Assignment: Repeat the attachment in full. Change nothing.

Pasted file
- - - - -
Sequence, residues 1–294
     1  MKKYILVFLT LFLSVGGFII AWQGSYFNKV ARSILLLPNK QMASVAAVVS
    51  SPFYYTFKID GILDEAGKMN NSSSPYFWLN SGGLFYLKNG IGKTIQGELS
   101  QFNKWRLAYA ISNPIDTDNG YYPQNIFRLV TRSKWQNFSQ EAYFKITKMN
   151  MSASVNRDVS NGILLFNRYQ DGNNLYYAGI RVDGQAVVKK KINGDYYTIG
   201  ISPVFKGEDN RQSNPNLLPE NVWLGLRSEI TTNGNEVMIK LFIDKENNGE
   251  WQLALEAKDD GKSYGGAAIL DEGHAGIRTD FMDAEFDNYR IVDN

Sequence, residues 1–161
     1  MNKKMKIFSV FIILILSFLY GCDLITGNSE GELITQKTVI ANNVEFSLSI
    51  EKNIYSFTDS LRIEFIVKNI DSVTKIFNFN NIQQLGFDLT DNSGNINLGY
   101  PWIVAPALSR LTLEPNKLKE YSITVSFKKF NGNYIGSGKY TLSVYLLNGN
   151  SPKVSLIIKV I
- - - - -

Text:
Sequence, residues 1–294
     1  MKKYILVFLT LFLSVGGFII AWQGSYFNKV ARSILLLPNK QMASVAAVVS
    51  SPFYYTFKID GILDEAGKMN NSSSPYFWLN SGGLFYLKNG IGKTIQGELS
   101  QFNKWRLAYA ISNPIDTDNG YYPQNIFRLV TRSKWQNFSQ EAYFKITKMN
   151  MSASVNRDVS NGILLFNRYQ DGNNLYYAGI RVDGQAVVKK KINGDYYTIG
   201  ISPVFKGEDN RQSNPNLLPE NVWLGLRSEI TTNGNEVMIK LFIDKENNGE
   251  WQLALEAKDD GKSYGGAAIL DEGHAGIRTD FMDAEFDNYR IVDN

Sequence, residues 1–161
     1  MNKKMKIFSV FIILILSFLY GCDLITGNSE GELITQKTVI ANNVEFSLSI
    51  EKNIYSFTDS LRIEFIVKNI DSVTKIFNFN NIQQLGFDLT DNSGNINLGY
   101  PWIVAPALSR LTLEPNKLKE YSITVSFKKF NGNYIGSGKY TLSVYLLNGN
   151  SPKVSLIIKV I